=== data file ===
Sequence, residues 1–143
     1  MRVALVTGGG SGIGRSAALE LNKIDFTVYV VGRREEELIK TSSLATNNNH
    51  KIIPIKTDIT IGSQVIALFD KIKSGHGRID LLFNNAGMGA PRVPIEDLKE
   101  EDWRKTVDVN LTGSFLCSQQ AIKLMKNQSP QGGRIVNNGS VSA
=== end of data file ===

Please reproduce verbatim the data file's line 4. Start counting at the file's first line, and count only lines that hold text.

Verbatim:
   101  EDWRKTVDVN LTGSFLCSQQ AIKLMKNQSP QGGRIVNNGS VSA